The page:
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Callaway’s Landing owners may fight to keep town from annexing

A month after several business owners on the south side of Kingston Pike near Lovell Road filed a lawsuit to fight annexation by the town, another lawsuit could be forthcoming involving a more than 150 year-old farm on Concord Road.

“We will be fighting this,” said Leland Johnson Jr. at the Farragut Municipal Planning Commission meeting last week.

Johnson addressed the FMPC after an annexation report and plan of services for the land eyed, located on the east side of Concord Road between Lake Ridge Drive and Loop Road, was presented to the commission members.

He spoke on behalf of his wife, Anne Ralston, who owns approximately 25 acres of what used to be an almost 400-acre farm called Callaway’s Landing.

Ralston said since the 1940s the farm has been whittled down to 45 acres, 20 of which is owned by her sister, Sarah.

The first chunk was taken by TVA in the 1940s “for Ft. Loudoun Lake,” leaving the family with 50 to 60 acres, she said.

Then Knox County took another chunk for the construction of Concord Road in the 1940s. More land was lost with the construction of the First Utility District plant in the 1970s and 1992, Ralston added.

“We’ve been nibbled to death by the local utilities,” she said.

To save the remaining acreage, Ralston said, “ … we’re going to have to develop it ourselves.”

“We’re going to have to so we can keep it in the family,” she added. “Vacant land seems to attract attention.”

The land has been passed down through six generations of her family, Ralston said, and was originally owned by Shadric Callaway.

Ralston said the couple had planned to submit a conceptual design for “neighborhood shops” on 8.46 acres of the land, located between Loop Road and Second Drive, which is currently zoned neighborhood commercial in Knox County, to the county next week.

They are concerned that if the town takes the land it could cause them to go back to the drawing board.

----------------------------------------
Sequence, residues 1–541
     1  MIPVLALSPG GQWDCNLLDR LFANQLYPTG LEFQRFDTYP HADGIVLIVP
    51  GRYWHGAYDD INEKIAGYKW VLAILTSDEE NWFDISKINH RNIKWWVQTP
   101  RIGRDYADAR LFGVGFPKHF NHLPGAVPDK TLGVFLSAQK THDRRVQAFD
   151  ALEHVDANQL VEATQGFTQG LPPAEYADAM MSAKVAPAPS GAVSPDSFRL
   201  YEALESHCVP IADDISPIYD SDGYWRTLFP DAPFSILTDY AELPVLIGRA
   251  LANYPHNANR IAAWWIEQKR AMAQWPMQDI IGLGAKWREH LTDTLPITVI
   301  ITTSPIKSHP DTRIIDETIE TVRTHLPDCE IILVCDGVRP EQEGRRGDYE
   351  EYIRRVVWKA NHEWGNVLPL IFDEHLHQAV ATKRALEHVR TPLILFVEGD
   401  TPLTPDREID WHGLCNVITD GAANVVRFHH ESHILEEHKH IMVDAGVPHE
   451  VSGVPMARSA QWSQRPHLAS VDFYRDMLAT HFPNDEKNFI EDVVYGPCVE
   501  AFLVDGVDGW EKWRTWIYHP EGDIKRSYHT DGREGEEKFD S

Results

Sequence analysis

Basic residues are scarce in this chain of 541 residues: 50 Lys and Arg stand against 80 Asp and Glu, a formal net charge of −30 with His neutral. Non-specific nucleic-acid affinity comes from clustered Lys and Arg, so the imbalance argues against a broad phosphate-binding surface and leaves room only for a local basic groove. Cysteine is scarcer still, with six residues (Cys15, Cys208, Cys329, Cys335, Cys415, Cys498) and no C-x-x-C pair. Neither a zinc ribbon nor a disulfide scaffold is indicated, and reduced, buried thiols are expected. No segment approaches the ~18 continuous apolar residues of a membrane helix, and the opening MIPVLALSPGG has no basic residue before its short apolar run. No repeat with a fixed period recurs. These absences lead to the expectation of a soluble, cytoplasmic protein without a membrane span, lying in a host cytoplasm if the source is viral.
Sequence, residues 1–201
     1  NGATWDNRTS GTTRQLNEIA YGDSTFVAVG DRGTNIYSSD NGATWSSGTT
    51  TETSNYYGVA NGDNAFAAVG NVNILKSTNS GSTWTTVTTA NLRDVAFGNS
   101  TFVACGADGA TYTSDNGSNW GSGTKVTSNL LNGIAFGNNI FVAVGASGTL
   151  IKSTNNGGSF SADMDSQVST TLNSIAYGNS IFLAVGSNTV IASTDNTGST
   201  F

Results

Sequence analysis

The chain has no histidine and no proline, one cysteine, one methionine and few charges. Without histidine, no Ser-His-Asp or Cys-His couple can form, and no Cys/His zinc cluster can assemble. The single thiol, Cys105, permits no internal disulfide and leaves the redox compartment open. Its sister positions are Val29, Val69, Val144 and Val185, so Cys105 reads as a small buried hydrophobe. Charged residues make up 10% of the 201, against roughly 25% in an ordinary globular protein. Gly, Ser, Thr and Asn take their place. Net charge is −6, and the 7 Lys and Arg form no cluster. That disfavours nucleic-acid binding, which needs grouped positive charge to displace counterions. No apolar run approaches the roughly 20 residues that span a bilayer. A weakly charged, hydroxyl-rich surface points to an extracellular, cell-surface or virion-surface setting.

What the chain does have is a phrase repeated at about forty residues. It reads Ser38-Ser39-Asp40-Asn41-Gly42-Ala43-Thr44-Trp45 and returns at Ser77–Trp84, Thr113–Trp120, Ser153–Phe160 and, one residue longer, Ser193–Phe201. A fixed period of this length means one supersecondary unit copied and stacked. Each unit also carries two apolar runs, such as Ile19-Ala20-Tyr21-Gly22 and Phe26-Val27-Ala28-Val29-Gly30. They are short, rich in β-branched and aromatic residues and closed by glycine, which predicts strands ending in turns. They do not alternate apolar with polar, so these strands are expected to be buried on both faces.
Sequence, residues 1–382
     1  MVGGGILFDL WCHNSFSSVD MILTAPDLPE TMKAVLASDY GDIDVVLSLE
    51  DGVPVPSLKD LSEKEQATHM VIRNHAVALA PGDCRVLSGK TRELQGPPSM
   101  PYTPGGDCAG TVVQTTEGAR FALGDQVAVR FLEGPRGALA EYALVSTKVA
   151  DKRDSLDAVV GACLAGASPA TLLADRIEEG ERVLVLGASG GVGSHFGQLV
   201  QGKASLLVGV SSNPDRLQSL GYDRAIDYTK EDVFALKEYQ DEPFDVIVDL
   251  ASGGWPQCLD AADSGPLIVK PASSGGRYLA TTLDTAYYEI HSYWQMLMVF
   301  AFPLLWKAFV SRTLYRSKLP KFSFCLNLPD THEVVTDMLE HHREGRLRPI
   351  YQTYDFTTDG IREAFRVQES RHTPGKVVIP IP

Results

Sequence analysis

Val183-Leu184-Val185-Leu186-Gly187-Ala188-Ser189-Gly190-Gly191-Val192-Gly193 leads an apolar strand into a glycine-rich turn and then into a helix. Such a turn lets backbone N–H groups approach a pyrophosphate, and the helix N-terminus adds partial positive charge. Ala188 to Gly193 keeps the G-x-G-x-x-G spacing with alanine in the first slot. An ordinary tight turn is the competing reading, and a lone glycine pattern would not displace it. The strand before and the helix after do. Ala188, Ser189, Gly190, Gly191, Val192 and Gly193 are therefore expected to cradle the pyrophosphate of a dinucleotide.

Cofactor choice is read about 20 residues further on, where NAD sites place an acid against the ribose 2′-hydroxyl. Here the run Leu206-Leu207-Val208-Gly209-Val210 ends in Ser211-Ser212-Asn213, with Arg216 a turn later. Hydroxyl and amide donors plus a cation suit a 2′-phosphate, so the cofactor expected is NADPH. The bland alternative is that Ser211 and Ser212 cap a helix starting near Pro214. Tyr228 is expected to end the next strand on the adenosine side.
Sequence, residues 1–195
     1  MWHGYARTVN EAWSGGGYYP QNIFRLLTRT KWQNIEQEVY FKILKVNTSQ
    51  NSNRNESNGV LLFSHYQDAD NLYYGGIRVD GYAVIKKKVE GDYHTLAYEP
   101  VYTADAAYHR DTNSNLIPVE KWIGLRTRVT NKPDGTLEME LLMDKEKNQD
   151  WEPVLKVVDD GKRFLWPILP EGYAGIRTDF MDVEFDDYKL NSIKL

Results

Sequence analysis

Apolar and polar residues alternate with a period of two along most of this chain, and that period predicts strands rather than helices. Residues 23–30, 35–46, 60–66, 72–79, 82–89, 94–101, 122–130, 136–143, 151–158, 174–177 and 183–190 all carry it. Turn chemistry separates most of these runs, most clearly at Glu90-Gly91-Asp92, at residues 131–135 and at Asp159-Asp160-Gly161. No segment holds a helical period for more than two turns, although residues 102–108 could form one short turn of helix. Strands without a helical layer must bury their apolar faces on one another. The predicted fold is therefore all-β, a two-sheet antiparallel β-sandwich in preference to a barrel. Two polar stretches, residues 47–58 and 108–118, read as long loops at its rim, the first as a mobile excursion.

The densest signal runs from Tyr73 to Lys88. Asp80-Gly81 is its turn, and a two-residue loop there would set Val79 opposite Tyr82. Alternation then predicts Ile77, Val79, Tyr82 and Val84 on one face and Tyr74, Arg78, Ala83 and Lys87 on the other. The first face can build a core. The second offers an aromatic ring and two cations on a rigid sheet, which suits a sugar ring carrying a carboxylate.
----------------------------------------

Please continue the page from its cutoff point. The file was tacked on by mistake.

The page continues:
“This was unexpected,” Ralston said. “(Farragut) doesn’t have neighborhood commercial zoning. Everything we have has been made to submit to Knox County.”

Annexation by the town would “mean all the rules would change. We’re too deep in this and we’d lose some time and money,” she added.

“We’re a family, not a business with big resources,” Ralston said. “We’re just trying to save the land.”

The couple, both civil engineers, has been doing a lot of the engineering for the project, but some would have to come from outside parties, she added.

Under the couple’s design, small town shops would be constructed on the tract.

“It would be the kind of shops you’d find in a little town,” Ralston said, “like a hardware store, bakery and convenience store.”

The convenience store would not sell gasoline, she added.

At the FMPC meeting, Johnson questioned what benefits people would see in the proposed annexed area of Concord Road if the town took it.

“The town is doing our part to widen that road,” Mayor Eddy Ford said.

According to the town’s Capital Improvement Plan Years 2005-2009, $1.145 million will be spent in the coming years to widen Concord Road from the intersection of the future Campbell Station Road extension to Northshore Drive.

Eighty percent of the Concord Road project would be funded by the state. The town has an “agreement in principal” with Knox County to split the remaining 20 percent.

The widening project would follow the completion of the Campbell Station Road extension. The Concord Road project would include widening approximately 3,800 feet of the road from a two-lane intersection to five lanes, matching the proposed Campbell Station Road extension.

Ralston held she would not oppose the town annexing the land after her proposed construction has been completed.

“I don’t think we would (oppose) annexation unless things in Farragut drastically change in the next few years,” she said.

“We just think the timing is really poor,” Johnson said.


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